Since 2010, with the rise of the tea-party movement in the United States of America, the partisan divide in the United States has more than doubled , leading to unprecedented levels of political polarization and an increasingly hateful and distrustful view of differing political views. This was accentuated by the election of President Barack Obama, who aroused the raw racist emotions of those in the right and culminated in one of the great tragedies of the decade. In 2017, Neo-Nazis and KKK members descended upon the streets with torches, swastikas and chants like “Jews will not replace us” and “Blacks will not replace us”. Violence ensued when counter-protestors and protestors clashed and a woman was run over by a Neo-Nazi. The election of Donald Trump has given impetus to such groups in the White House, who echoes many of the baseless conspiracy theories that these groups live off of (a prominent example being the George Soros linked theories). Right-wing extremism and domestic terrorism by far-right groups in the United States appears to be growing. “The number of terrorist attacks by far-right perpetrators rose over the past decade, more than quadrupling between 2016 and 2017. The recent pipe bombs sent to Democratic politicians and the October 27, 2018, synagogue attack in Pittsburgh are symptomatic of this trend.”-Seth G. Jones (Centre for Strategic & International Studies) Right-wing extremists generally criticize the democratic state for “its liberal social welfare policies and tolerance of diverse opinion—alongside its permitting of dark-skinned immigrants in the national labour force and of Jews and other minorities in positions of power or influence . Right-wing movements have always gained traction at times when levels of immigration increase and economic troubles plague the economy. The false view comes into place that immigrants are taking away good-paying jobs and are thus the reason for economic woes.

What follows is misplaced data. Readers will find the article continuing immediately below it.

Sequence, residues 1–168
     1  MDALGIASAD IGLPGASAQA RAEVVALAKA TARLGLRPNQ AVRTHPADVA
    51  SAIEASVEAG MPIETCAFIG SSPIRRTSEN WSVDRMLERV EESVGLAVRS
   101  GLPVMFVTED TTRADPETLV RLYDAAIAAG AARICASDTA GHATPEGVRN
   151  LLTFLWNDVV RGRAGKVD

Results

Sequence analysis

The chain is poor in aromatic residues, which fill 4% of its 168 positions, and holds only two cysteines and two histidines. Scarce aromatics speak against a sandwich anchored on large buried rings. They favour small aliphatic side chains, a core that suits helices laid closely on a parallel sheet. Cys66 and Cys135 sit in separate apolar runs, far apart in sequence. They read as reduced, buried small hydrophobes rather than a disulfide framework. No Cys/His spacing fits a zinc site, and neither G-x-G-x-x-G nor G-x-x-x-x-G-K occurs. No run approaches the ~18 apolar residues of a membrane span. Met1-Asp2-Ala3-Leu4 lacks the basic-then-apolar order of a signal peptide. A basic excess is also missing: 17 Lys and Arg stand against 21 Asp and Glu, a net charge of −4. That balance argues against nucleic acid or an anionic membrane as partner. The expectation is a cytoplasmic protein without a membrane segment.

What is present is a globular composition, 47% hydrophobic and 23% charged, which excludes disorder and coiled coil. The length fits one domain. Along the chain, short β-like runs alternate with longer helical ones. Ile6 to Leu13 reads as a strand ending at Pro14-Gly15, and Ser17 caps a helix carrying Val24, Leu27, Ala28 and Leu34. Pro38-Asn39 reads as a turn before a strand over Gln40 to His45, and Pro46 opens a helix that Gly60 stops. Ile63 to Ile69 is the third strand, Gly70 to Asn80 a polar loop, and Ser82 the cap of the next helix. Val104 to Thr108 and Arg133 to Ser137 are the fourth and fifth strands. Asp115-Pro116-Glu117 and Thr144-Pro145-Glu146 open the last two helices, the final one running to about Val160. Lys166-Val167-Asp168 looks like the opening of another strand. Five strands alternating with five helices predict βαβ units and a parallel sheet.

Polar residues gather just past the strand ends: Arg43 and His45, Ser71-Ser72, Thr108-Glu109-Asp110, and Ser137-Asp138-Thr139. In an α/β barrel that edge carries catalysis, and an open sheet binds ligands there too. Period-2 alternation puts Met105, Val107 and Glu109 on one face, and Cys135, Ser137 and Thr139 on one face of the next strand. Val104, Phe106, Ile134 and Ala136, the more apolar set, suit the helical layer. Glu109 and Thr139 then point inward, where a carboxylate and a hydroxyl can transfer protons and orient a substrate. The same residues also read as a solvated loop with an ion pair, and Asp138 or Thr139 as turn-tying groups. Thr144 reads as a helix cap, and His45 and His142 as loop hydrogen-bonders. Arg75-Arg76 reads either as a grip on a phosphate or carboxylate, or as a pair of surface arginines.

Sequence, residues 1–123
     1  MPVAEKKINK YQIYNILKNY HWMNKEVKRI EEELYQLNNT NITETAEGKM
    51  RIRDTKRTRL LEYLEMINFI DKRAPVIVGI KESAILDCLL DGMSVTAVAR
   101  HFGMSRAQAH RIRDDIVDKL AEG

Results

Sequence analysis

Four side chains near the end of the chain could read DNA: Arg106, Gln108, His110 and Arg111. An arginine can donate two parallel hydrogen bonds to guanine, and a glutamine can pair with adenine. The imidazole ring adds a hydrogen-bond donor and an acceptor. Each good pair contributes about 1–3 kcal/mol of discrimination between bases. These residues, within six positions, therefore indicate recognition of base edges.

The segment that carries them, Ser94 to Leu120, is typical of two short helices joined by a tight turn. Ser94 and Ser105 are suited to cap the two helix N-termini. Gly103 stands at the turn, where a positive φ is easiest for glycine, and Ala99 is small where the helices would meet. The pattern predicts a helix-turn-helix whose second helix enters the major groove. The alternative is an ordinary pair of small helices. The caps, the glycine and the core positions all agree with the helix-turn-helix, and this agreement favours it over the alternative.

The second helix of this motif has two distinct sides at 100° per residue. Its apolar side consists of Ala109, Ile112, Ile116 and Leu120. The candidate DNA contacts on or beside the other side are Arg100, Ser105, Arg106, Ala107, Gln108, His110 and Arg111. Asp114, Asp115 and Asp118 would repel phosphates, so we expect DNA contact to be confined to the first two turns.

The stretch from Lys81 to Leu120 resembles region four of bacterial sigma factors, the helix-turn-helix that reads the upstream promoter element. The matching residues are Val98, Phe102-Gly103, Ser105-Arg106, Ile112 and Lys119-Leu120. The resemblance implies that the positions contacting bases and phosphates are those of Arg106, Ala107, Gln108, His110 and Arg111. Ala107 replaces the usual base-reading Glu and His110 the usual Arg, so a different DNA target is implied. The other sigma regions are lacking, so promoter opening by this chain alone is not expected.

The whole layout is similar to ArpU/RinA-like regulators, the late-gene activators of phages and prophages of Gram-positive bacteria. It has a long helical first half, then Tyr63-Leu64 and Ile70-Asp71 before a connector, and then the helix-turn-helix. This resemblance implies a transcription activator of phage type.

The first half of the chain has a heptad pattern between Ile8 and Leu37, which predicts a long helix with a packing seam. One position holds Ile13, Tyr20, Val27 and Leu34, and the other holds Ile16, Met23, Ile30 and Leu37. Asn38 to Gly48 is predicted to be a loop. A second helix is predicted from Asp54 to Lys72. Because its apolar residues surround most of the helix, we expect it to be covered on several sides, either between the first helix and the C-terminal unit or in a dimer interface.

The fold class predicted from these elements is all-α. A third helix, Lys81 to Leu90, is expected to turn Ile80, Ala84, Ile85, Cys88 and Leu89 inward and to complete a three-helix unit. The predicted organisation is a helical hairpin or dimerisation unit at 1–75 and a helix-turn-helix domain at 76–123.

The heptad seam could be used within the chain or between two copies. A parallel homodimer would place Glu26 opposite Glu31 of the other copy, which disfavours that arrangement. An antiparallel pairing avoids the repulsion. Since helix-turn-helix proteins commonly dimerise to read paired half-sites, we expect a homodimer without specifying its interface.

The role of ‘ideology’ is in fact considered crucial in rightwing movements to allow activists to justify even violent actions within a broader system of values (although deviant). Scholars have, for example, analyzed the Tea Party as a conservative (mostly) white, older, male and middle-class social movement in which a racist agenda is, unlike in the US radical right, largely implicit, yet which holds at its core a celebration of hardworking citizens based on racist constructions; in this movement, racist ideologies crucially intertwine with economic and social concerns.

We can understand these movements through their core attributes of “anti-constitutionalism”, “anti-democratic values”, and a rejection of the principle of fundamental human equality. These movements are widely recognized as being characterized by some common core ideological attributes: such as nationalism, exclusionism, xenophobia, the quest for a strong state, welfare chauvinism, revisionism and traditional ethics .

High levels of political polarization are really harmful to democracy because it prevents compromise and legislation which creates meaningful progress. The “Overton window” in politics has been stretched so far to the left and the right that political tensions have reached a boiling point. Levels of domestic terrorism have reached historic highs and the world seems on the brink of political, economic, and social breakdown. The pandemic has further widened the gap with a huge divide appearing over reopening the nations with far-right movements mobilizing with AR-15s and storming State Capitols to get their agenda passed. This is not normal! Something so infuriating as this should never become the norm. The world needs politicians who will reach across the aisle, respect the views of the opposition, work with them instead of filibustering them, and actually get work done!

By Raunakk Jalan
Senior Secondary Student, Don Bosco School, Park Circus, Kolkata, West Bengal


References:
Caiani, Manuela. (2019). The rise and endurance of radical right movements. Current Sociology. 67. 001139211986800. 10.1177/0011392119868000.
2 https://www.people-press.org/2017/10/05/the-partisan-divide-on-political-values-grows-even-wider/ (See 2011)
3 https://www.nbcnews.com/news/us-news/neo-nazis-u-s-europe-build-far-right-links-concerts-n1165266
4 https://www.csis.org/analysis/rise-far-right-extremism-united-states
5 https://www.nytimes.com/2019/08/10/world/europe/sweden-immigration-nationalism.html
6 https://scholar.harvard.edu/files/williamson/files/tea_party_pop_0.pdf
7 Caiani, Manuela. (2019). The rise and endurance of radical right movements. Current Sociology. 67. 001139211986800. 10.1177/0011392119868000.